My old Procions are from a garage sale score about 15 years ago, and i don’t know how old they were then! They survived floating around the basement during the 2013 flood, with half dissolved labels and rusted on lids as the only “damage”. I gotta say those lids are TIGHT because the powder was/is dry as a fossil. I don’t know about the shelf life of these powders, and am assuming some potency would be lost, but will see what happens when i use the new i have.

And now, i’m gathering again in the thrift shops, as i need to replenish my stock of dyeables—i have lots of ideas for the upcoming ACAD/Contextural Residency 2016, involving my usual rust processes with natural dyes.


Ice, ice, Baby

Part of my “training for creative strength” over the past three months, is to try things i haven’t done, or at least haven’t done successfully :). I signed up for Susan Purney Mark‘s ice dyeing class, thinking i’d like to add some more colour fabrics to the arsenal.

Good thing it is ice dyeing, because Calgary this winter has had a great dearth of snow. It’s been the brownest one i’ve ever seen. And OH MY, what a difference having proper instruction makes!

ice 1

ice 2

ice 3

I know now that my previous results were extremely wasteful of dye powder—another reason i gave up at that time. Though i know it’s not the last available, any i have is hoarded until i periodically slap myself and wonder what the use is of just storing them πŸ™‚


I also am tired of trying to re-ecoprint failures, as they have never worked for me. Once done, they seem to be done, and most of the time if they DO ecoprint again, i end up with a muddy dark ugly mess of a cloth…….This means i have more than a few boxes of fabric that is uninspiring, horrific, embarrassing and with a face like a can of smashed ass****s. Cloth of course should NOT be thrown out regardless, and can always be overdyed. Naturals weren’t cutting it either, so for this next little while, i’ll be winnowing out the deformed and grotesque, and whacking some ice and Procion over it. There’s no rule book that says you can’t combine natural and chemical. And i LOVED the golden yellow and violet Procions bits added to the indigo overdyed grevillea ecoprint in previous posts :).

This is the last week of Jane‘s class as well. I admit to falling behind and must spend the coming weekend catching up—no point in not pushing myself to the limit, and hopefully beyond. I’ve learned more than a few things about myself, the way i work, and why i work the way i do, valuable.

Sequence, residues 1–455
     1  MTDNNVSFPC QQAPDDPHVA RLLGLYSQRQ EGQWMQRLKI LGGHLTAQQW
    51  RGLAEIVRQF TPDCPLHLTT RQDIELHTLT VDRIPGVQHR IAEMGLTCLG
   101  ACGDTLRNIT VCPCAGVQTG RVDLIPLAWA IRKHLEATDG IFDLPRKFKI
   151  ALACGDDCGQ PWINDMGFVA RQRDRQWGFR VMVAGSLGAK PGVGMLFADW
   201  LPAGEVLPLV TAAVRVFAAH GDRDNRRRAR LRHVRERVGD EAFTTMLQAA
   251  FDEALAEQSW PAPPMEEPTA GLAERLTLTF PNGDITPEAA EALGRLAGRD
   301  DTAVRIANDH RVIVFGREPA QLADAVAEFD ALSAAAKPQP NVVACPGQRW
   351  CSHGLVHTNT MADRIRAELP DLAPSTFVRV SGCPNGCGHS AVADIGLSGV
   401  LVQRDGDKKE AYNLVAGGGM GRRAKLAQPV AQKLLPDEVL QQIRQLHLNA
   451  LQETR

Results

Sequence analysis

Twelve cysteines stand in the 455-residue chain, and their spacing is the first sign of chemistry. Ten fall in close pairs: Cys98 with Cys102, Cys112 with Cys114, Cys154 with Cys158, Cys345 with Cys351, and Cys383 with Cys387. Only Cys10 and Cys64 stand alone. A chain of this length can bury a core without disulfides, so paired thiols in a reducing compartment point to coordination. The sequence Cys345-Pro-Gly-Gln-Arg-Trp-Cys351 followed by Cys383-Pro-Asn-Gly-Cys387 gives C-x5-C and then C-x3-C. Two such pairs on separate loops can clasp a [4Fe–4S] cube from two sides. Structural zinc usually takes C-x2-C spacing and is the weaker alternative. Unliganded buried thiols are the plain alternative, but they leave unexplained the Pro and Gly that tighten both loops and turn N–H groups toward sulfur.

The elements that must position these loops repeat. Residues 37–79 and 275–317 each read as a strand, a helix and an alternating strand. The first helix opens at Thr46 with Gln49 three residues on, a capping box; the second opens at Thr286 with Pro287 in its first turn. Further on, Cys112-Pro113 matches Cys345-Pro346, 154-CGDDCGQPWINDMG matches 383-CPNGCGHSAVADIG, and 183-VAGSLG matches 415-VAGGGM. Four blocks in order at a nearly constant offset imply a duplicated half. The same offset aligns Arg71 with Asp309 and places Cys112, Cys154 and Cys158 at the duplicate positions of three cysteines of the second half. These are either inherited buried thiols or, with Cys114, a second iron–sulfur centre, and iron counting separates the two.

colour prompts

We can all agree that usually FB is a colossal waste of time, gets our blood boiling with some postings, or makes us want to puke with the schmaltzy canigetanamendreaminspirethislittlegirlwillamazeyouhavethepowerchangetheuniverseyouarethequeenoftheuniverse memes, but i do find it handy as a prompt also! I think of the old history programs, when FB kindly reminds me that “on this day, you posted this” and shows you what happened each year on that date–assuming anything did happen πŸ˜‰

On Feb 8 of 2009 i posted this:

metal and lace 2009

WOWZERS, look at that colour saturation and look at that texture! Now WHY am i not still doing this? I have the tulle, i have the metal (remember those stacks of things in the stoodio that rarely get used???)–what am i saving them for? (I’m NOT getting rid of stuff like this i admit, in the interests of honesty and Purge.) And you know what else? I COULD, CAN, WILL do this with the naturals and neutrals too.

The recent lessons with Jane Dunnewold’s Creative Strength Training class are paying dividends: colour, new designs, deep thinking, writing exercises, i’m getting it all.

A playful piece, the colour of this is rich and saturated. There are ideas here that will go into more “serious” work. I still can’t merge fun and “serious work” from those labels, these colours and techniques……Working on it! I DO believe you can do serious concepty work and still have fun—pleasure is subjective (metaphorically maybe!)

prima vera figuresAnd there is still scissor work slated for this one.